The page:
Trans Minister Mourned
As they mourn the loss of BobbieJean Baker, a transgender minister who was killed in an auto accident in Oakland early New Year’s Day, many are recalling the advocate, woman of faith, and gifted singer’s sense of love and laughter.
But what also stood out to friends and co-workers was Baker’s lack of fear in telling them the truth. That was exemplified in a biographical account that the Oakland resident gave to San Francisco’s Asian and Pacific Islander Wellness Center. Baker worked there as part of a transgender community health program aimed primarily toward women of color.
"My purpose is to help you break whatever it is that had you bound so that you can move to better yourself," Baker said of her work with clients. "... I’m willing to hold hands and walk you through every phase, but I am not willing to be your babysitter. There comes a time when you need to really step up and do the work for you."
Yvette Flunder, 58, was with Baker and others for New Year’s Eve Watch Night worship services in Oakland just before Baker died. Flunder, who’s the bishop of the national Fellowship of Affirming Ministries, said Baker, 49, seemed to understand that she didn’t have much time left.
"She gave best wishes to everyone, wonderful, kind words," said Flunder. "She went way out of her way speaking to everyone and wishing them the best for the coming year. It was incredible the space that she was in."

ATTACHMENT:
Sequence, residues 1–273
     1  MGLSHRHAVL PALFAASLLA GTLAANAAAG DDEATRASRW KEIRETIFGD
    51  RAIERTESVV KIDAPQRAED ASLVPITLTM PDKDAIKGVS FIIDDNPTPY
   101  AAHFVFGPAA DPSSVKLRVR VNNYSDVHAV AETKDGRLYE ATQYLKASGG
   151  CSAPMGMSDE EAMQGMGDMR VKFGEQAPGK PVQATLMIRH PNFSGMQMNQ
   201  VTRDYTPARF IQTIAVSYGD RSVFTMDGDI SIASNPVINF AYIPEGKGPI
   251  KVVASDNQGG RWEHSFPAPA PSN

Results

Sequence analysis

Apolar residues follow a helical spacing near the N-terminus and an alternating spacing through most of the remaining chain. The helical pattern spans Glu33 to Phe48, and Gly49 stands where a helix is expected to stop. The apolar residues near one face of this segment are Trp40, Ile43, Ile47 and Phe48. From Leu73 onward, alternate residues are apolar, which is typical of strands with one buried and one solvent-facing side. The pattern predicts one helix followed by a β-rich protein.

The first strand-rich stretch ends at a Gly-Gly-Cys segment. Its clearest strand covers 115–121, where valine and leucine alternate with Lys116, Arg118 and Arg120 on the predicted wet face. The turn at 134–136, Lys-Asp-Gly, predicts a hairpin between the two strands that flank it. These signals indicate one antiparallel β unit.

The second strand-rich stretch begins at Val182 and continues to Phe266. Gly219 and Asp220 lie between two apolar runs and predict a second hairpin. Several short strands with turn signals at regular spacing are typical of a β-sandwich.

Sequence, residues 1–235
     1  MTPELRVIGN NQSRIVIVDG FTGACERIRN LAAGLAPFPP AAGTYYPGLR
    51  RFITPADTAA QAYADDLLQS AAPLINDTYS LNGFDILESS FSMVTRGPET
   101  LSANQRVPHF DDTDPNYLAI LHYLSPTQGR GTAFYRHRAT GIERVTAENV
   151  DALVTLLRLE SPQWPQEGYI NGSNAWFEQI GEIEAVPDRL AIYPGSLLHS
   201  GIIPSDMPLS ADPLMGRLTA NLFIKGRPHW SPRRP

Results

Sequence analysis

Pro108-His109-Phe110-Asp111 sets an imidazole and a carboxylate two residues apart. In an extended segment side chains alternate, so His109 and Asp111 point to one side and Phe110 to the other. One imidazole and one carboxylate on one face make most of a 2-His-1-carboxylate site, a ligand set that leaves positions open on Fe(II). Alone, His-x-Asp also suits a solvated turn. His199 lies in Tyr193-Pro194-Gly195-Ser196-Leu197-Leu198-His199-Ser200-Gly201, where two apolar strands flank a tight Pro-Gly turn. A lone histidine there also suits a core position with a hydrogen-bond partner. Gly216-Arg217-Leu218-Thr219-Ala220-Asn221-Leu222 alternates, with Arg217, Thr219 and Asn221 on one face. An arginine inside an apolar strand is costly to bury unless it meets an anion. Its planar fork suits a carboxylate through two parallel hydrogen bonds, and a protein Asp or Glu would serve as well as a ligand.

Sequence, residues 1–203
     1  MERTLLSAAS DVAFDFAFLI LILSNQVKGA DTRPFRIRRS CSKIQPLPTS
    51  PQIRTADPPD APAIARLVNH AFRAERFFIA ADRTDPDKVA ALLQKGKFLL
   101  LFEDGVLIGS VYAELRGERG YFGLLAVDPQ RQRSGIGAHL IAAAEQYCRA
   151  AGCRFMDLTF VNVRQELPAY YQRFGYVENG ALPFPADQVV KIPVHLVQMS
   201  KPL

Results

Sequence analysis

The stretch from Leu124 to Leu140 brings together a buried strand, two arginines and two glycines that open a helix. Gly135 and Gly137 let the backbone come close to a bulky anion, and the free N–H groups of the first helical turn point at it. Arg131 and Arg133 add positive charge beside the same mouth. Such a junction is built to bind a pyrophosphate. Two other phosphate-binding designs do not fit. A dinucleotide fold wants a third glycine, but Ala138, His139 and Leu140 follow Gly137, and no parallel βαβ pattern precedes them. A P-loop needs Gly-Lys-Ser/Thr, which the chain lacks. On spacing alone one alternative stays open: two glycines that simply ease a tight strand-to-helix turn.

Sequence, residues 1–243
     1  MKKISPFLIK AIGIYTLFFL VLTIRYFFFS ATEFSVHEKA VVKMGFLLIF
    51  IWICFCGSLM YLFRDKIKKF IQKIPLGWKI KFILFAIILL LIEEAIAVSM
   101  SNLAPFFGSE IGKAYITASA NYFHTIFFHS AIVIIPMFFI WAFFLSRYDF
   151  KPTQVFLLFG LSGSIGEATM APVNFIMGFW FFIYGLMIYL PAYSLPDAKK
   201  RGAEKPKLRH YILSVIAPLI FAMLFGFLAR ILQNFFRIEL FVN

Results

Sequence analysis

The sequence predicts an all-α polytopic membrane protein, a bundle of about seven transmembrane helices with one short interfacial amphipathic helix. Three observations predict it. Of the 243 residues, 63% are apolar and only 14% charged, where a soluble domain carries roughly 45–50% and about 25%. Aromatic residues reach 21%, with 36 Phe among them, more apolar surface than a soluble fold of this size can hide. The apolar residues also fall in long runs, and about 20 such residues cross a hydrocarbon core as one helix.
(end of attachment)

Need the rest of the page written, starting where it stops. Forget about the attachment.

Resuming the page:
It was almost as if Baker knew "that something was coming, because she was so unusually specific in many of the ways she was going around talking to different people and encouraging them through their own struggles," she said.
After the services, Baker went to Bobby Wiseman’s home for a traditional meal that included corn bread and black-eyed peas.
Wiseman, 42, a gay deacon with City of Refuge Church, said at about 2:30 a.m., he was driving his 2000 Ford Expedition west on Interstate 580 in Oakland to take Baker home.
He said they were "remembering the good times and the friends that we’ve lost over the years" when a silver and black car came up on the left, bumped his SUV, and "fishtailed off the front," "swerving" before it drove away.
Wiseman’s vehicle fishtailed, then rolled "two to three" times before landing upside down on the Park Boulevard exit, he said.
Wiseman, who suffered only "some scrapes and abrasion," got out through a window. He called Baker’s name "but she didn’t respond," he said. They had both been wearing seatbelts.
A bystander "tried to get her out" but was unsuccessful, he said. Baker died at the scene.
Wiseman said he didn’t catch more descriptive details of the other car or how fast it had been going. He said he’d been driving his SUV about 65 to 70 miles per hour.
Officer Daniel Hill, a spokesman for the California Highway Patrol, said Wiseman hadn’t been able to provide a description of the other car, and investigators had been unable to find any damage to the Expedition to substantiate Wiseman’s claim that someone had struck him. Hill also said witnesses had only seen his SUV "losing control" and couldn’t verify the other car’s presence.
Hill said Wiseman underwent DUI testing and "was not determined to be under the influence" of any substances. The crash investigation remains open.